War, Inflation, Monetary Reform and the Art Market
AbstractDuring World War II, the art market experienced a massive boom in occupied countries. The discretion, the inflation proof character, the absence of market intervention and the possibility to resell artworks abroad have been suggested to explain why investing in artworks was one of the most interesting opportunities under the German boot. On basis of an original database of close to 4000 artworks sold between 1944 and 1951 at Giroux, one of the most important Art Gallery in Brussels, this paper analyzes, the price movements on the Belgian art market following the liberation. Market reactions following the war are used to understand which motivations played the most important role in investorsÕ decisions. Prices on the art market experienced a massive drop. This huge price decline is attributed to two elements: fear of prosecution for war profits and the monetary reforms set into place in October 1944.
Download InfoIf you experience problems downloading a file, check if you have the proper application to view it first. In case of further problems read the IDEAS help page. Note that these files are not on the IDEAS site. Please be patient as the files may be large.
Bibliographic InfoPaper provided by European Historical Economics Society (EHES) in its series Working Papers with number 0012.
Length: 34 pages
Date of creation: Jan 2012
Date of revision:
Art market; Art Investment; WWII; Belgium; Post-war; Monetary reforms;
Find related papers by JEL classification:
- N14 - Economic History - - Macroeconomics and Monetary Economics; Industrial Structure; Growth; Fluctuations - - - Europe: 1913-
- N44 - Economic History - - Government, War, Law, International Relations, and Regulation - - - Europe: 1913-
- Z11 - Other Special Topics - - Cultural Economics - - - Economics of the Arts and Literature
This paper has been announced in the following NEP Reports:
- NEP-ALL-2012-01-25 (All new papers)
- NEP-CUL-2012-01-25 (Cultural Economics)
- NEP-HIS-2012-01-25 (Business, Economic & Financial History)
- NEP-MAC-2012-01-25 (Macroeconomics)
Please report citation or reference errors to , or , if you are the registered author of the cited work, log in to your RePEc Author Service profile, click on "citations" and make appropriate adjustments.:
- Oosterlinck, Kim, 2010. "French Stock exchanges and regulation during World War II," Financial History Review, Cambridge University Press, vol. 17(02), pages 211-237, October.
- Fernando Mendiola Gonzalo, 2011. "Forced Labour in Franco's Spain: Workforce Supply, Profits and Productivity," Working Papers 0004, European Historical Economics Society (EHES).
- repec:ulb:ulbeco:2013/6699 is not listed on IDEAS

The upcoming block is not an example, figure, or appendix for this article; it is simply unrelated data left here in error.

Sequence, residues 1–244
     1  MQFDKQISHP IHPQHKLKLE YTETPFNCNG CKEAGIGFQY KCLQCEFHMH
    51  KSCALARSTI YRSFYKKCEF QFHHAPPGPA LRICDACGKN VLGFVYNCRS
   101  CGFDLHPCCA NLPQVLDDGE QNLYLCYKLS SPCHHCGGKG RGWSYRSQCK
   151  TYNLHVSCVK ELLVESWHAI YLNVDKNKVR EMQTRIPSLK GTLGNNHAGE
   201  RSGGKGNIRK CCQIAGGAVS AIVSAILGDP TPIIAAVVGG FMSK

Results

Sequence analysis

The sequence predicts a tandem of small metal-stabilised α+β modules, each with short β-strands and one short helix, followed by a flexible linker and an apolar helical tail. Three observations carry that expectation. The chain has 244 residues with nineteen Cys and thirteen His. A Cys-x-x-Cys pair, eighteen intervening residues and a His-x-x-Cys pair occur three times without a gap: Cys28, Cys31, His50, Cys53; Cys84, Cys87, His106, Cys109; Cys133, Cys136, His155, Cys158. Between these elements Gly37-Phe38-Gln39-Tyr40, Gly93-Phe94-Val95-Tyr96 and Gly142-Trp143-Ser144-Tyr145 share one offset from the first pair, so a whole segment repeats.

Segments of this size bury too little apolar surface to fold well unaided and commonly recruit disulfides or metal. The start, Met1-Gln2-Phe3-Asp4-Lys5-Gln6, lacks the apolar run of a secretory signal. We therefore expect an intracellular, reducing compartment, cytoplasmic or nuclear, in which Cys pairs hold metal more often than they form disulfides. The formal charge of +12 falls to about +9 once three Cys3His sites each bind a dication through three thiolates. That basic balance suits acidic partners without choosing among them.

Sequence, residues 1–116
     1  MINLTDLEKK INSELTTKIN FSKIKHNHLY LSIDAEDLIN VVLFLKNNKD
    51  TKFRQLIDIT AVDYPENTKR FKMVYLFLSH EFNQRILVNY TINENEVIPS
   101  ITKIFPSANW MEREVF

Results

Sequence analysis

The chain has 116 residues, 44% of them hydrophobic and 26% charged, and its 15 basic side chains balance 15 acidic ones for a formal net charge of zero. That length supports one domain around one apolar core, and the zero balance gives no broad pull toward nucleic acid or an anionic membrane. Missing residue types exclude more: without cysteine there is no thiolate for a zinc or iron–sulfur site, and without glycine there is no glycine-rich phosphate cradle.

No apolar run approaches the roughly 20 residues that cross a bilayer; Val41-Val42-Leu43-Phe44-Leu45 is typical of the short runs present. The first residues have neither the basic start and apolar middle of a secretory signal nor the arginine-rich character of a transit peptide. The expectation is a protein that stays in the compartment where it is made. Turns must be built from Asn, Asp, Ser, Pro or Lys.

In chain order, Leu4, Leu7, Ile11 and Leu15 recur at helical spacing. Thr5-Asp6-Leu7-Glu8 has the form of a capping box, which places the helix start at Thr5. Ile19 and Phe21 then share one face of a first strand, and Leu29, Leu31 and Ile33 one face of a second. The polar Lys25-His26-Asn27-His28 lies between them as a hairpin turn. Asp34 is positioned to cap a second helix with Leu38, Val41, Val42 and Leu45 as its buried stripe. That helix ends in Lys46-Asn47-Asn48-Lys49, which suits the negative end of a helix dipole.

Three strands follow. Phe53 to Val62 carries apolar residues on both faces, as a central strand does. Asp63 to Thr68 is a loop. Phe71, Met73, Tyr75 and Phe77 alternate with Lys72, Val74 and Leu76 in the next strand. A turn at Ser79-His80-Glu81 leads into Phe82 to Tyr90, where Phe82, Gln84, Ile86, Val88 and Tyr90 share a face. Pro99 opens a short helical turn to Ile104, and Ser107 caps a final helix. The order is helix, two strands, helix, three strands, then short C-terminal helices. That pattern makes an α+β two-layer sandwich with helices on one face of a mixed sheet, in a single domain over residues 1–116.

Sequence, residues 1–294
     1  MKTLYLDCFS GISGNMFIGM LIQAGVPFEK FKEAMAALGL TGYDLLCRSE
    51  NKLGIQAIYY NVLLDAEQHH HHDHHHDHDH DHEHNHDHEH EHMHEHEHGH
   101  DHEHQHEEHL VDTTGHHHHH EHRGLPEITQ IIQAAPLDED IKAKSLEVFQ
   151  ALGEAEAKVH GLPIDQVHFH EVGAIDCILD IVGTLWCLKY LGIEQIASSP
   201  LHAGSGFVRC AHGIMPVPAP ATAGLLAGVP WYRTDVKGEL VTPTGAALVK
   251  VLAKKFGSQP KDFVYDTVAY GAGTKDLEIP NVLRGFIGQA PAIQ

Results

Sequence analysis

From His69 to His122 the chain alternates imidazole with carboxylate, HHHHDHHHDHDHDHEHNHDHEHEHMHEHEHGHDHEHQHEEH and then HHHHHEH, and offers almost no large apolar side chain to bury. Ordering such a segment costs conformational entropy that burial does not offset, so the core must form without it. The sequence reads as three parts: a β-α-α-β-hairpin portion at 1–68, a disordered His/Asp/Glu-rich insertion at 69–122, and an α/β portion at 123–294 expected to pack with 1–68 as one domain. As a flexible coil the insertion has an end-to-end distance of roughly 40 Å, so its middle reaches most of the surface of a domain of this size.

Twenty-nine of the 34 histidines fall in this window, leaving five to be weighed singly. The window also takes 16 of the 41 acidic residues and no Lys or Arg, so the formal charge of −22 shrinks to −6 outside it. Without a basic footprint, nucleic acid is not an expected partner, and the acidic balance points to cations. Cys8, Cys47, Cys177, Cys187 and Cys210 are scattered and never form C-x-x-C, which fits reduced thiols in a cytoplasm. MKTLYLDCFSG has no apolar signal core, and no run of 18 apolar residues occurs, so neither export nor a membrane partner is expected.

- repec:ulb:ulbeco:2013/6697 is not listed on IDEAS
- Pesando, James E, 1993. "Art as an Investment: The Market for Modern Prints," American Economic Review, American Economic Association, vol. 83(5), pages 1075-89, December.
- Victor Ginsburgh & Philippe Jeanfils, 1995.
"Long-term comovements in international markets for paintings,"
ULB Institutional Repository
2013/1717, ULB -- Universite Libre de Bruxelles.
- Ginsburgh, Victor & Jeanfils, Philippe, 1995. "Long-term comovements in international markets for paintings," European Economic Review, Elsevier, vol. 39(3-4), pages 538-548, April.
- Ginsburgh, Victor & Mei, Jianping & Moses, Michael, 2006. "The Computation of Prices Indices," Handbook of the Economics of Art and Culture, Elsevier.
- Occhino, Filippo & Oosterlinck, Kim & White, Eugene N., 2008. "How Much Can a Victor Force the Vanquished to Pay? France under the Nazi Boot," The Journal of Economic History, Cambridge University Press, vol. 68(01), pages 1-45, March.
- Kim Oosterlinck & Filippo Occhino & Kim Oosterlinck & Eugene N. White, 2006. "How occupied France financed its own exploitation during WW2," Working Papers CEB 06-012.RS, ULB -- Universite Libre de Bruxelles.
- Kim Oosterlinck, 2009. "The Price of Degenerate Art," Working Papers CEB 09-031.RS, ULB -- Universite Libre de Bruxelles.
Blog mentionsAs found by EconAcademics.org, the blog aggregator for Economics research:CitEc Project, subscribe to its RSS feed for this item.
- Ulrich Pfister & Jana Riedel & Martin Uebele, 2012.
"Real Wages and the Origins of Modern Economic Growth in Germany, 16th to 19th Centuries,"
0017, European Historical Economics Society (EHES).
- Uebele, Martin & Pfister, Ulrich & Riedel, Jana, 2012. "Real wages and the origins of modern economic growth in Germany, 16th to 19th centuries," Annual Conference 2012 (Goettingen): New Approaches and Challenges for the Labor Market of the 21st Century 62076, Verein für Socialpolitik / German Economic Association.
For technical questions regarding this item, or to correct its authors, title, abstract, bibliographic or download information, contact: (Paul Sharp).
If you have authored this item and are not yet registered with RePEc, we encourage you to do it here. This allows to link your profile to this item. It also allows you to accept potential citations to this item that we are uncertain about.
If references are entirely missing, you can add them using this form.
If the full references list an item that is present in RePEc, but the system did not link to it, you can help with this form.
If you know of missing items citing this one, you can help us creating those links by adding the relevant references in the same way as above, for each refering item. If you are a registered author of this item, you may also want to check the "citations" tab in your profile, as there may be some citations waiting for confirmation.
Please note that corrections may take a couple of weeks to filter through the various RePEc services.